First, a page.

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  • By Arshiya Bhayana ’22 With the advent of the internet and technology, where and how data is stored, and who has access to it, are growing concerns for citizens, companies, and governments. The way data is collected, stored, used, and transferred can have a massive impact on national security, industry

  • By Chris Conrad ’21 It’s January 2018. I’m in Hawaii on vacation with my parents. Suddenly, on our phones, a loud noise. BALLISTIC MISSILE THREAT INBOUND TO HAWAII. SEEK IMMEDIATE SHELTER. THIS IS NOT A DRILL. Frantic googling, the realization that Hawaii has no missile shelters, there’s no underground parking

  • By Alexa Horkava ’22; Photo of FARC Guerillas in Colombia in 2016 from the Wall Street Journal In the rural areas of Venezuela’s department, Apure, life looks very different compared to the country’s inland. In the mornings, young children can be seen walking towards the local coca fields rather than

  • By Eliane Nieder Discussion around immigration policy often divides migrants into those who are deserving of staying in the United States and those who are not. Migrant rights activism often centers those who are considered deserving migrants — initially, those who come into the United States through legal methods, and

  • By Natasha Bansal ’23; Image by Manuel Balce Ceneta / Associated Press In 2012, Barack Obama signed an executive order for Deferred Action for Childhood Arrivals (DACA) which granted eligible undocumented youth a renewable two year stay in the US, as well as a temporary work permit. DACA was enacted

  • By Alex Millones ’24; Image by Loren Elliott / Reuters Illegal immigration is a hot button issue in the United States. Anyone would be hard pressed to find a politician who doesn’t speak about the issue or even an American without thoughts on illegal immigration. The conversation around illegal immigration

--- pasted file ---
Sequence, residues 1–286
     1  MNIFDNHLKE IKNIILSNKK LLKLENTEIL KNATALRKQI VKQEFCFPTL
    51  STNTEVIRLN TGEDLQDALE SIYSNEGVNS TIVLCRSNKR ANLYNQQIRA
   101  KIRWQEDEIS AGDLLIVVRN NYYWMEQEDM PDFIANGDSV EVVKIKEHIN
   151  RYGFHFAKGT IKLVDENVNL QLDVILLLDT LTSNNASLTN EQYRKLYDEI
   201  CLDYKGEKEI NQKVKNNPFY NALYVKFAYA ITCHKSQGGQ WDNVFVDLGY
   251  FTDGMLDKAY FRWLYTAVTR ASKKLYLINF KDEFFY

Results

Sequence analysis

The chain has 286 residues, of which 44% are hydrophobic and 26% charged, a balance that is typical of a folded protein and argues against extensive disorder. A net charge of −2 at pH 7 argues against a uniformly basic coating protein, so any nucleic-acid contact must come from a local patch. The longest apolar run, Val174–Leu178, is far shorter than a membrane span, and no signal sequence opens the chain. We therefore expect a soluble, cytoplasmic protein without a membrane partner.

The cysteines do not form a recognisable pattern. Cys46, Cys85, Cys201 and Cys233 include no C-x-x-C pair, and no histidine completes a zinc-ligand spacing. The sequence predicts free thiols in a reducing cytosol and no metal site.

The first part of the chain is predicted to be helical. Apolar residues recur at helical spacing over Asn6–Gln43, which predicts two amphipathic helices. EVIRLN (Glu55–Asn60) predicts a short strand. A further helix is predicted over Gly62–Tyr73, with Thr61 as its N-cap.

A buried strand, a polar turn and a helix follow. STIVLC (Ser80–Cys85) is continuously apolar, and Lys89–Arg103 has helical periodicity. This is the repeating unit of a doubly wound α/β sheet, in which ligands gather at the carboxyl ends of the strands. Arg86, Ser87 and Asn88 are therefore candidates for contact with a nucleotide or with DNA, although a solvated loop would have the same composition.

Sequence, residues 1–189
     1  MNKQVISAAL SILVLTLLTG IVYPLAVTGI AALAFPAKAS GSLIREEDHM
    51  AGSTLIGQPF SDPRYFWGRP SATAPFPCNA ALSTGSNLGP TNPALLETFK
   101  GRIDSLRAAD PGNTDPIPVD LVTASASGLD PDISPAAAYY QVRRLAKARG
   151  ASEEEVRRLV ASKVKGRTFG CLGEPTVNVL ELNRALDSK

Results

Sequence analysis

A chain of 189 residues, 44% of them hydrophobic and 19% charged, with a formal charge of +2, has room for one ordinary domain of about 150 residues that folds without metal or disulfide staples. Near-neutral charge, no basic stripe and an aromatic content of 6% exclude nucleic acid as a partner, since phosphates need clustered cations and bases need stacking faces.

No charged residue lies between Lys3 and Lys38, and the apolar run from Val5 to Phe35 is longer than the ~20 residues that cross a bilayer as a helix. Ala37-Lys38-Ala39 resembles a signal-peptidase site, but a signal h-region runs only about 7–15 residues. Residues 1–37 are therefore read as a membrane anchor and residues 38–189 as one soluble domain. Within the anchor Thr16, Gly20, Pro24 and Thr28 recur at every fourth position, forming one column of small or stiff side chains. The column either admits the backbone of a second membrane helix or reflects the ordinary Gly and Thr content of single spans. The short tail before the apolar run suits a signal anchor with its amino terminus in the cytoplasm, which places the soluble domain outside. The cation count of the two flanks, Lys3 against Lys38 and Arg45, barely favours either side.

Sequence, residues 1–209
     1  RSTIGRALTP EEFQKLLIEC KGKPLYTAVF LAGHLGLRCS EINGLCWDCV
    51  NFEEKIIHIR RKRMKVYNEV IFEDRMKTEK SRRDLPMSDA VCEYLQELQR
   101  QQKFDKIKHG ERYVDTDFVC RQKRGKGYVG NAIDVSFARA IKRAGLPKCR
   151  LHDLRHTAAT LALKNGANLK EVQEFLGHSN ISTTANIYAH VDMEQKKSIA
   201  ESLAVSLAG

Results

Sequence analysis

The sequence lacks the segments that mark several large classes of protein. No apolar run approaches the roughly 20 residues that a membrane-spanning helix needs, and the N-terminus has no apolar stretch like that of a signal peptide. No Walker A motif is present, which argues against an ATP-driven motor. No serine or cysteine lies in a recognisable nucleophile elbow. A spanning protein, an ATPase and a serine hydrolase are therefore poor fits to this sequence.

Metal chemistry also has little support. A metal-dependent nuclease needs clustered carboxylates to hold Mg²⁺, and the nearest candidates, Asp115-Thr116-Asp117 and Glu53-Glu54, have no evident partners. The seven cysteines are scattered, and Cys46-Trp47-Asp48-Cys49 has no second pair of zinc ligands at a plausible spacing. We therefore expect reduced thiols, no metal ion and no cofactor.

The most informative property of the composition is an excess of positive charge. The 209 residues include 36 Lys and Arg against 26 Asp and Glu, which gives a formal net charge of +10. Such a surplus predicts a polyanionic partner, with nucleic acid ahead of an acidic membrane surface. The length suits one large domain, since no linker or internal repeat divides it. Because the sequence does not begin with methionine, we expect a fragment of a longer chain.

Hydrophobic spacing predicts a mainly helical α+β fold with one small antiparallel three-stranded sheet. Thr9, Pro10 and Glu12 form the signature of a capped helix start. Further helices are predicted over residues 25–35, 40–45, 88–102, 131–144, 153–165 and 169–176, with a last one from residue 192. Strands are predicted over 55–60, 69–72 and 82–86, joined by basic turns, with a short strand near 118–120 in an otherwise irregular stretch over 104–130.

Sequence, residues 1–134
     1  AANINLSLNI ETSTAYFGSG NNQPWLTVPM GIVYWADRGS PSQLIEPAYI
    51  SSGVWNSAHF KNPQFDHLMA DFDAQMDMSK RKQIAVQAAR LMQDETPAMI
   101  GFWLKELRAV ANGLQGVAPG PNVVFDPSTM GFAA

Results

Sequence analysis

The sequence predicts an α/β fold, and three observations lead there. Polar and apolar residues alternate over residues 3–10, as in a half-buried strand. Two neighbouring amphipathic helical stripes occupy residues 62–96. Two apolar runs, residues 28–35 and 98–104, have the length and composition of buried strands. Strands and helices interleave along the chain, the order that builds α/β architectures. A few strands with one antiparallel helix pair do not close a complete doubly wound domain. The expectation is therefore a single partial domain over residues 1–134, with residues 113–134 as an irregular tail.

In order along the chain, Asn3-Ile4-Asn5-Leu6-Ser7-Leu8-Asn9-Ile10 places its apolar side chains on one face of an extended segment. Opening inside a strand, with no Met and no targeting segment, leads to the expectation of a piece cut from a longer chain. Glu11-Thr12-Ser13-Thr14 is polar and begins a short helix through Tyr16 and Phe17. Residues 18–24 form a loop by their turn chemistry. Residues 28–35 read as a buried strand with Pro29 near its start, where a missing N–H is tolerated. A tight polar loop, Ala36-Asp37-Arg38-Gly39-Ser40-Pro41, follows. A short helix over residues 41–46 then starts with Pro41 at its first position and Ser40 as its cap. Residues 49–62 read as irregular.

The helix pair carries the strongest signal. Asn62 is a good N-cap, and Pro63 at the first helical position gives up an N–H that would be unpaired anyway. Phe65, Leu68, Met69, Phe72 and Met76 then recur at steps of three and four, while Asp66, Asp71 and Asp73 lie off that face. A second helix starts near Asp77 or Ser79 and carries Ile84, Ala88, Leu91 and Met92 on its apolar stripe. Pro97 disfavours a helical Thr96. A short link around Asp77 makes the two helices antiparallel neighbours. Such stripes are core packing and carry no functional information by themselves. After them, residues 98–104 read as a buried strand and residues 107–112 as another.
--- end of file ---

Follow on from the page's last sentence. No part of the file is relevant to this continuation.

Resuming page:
• By Sophia Kaplan ’23; Image by Andrew Harnik/Pool photo/Getty Images All quotations used below are from Migration Encounters records. For the purpose of the interviewee’s continued safety and privacy, names have been omitted from the following blog post. The holiness of the Pledge of Allegiance, the inviolability of the U.S.

  • By Jorge Paz Reyes ’24; Image of President Biden addressing Congress about immigration by Doug Mills/The New York Times “Make it easier for somebody that is willing to work and willing to provide for a better future,” said Laila, a returned migrant, when asked what should the United States do

  • By Lulu Obaditch ’22; Image by Joe Hernandez/WHYY Getting a driver’s license is a common rite of passage. For young adults, this rite of passage often marks a newfound independence and freedom. Many of us, white Americans, are able to drive to work, the grocery store, the pharmacy, or school

  • By Katie Hughes ’22; Image by Wes Messamore When I tell my family or friends I’m taking a class on immigration, the follow-up is most often: so, what do you think?  I struggle to respond to this, in part because I find it hard to have an opinion on anything

  • By Sonja R. O’Brien ’21 Everyone knows the classic mistake on game night is starting the game without checking to make sure all the players use the same rules. Even worse, is when you think you are all playing by the same rules, and halfway through the game you realize

  • How should Biden “restore the Soul of America,”as promised? He must stop viewing immigration reform as a political minefield and start seeing it as America’s best chance to realize its ideals and renew faith in its promise. This means being bold, frank, and action-oriented on an issue he has recently

  • By Katherine Hueston ’23 In 1942, as the United States and the Allied powers fought for international freedom and democracy abroad, my grandparents fought for the same, crossing the Rio Grande River from Mexico, searching for liberation, economic freedom, and a better life for their children.  My grandmother carried one

  • By Rhea Chandran; Image by The Washington Post After the 2008 presidential election, many political pundits declared that the United States was officially a “post-racial” and “color-blind” society. This was, in fact, not the case. The United States continues to actively maintain structures of White supremacy within political and social

  • By Natalia Barber ’23; Image by Sydney Schaefer As the nation looks to move forward after Trump’s presidency, we are forced to reckon with the damage that he left behind. Hoping to make good on his campaign promises of building a wall at the Southern border, Trump focused his efforts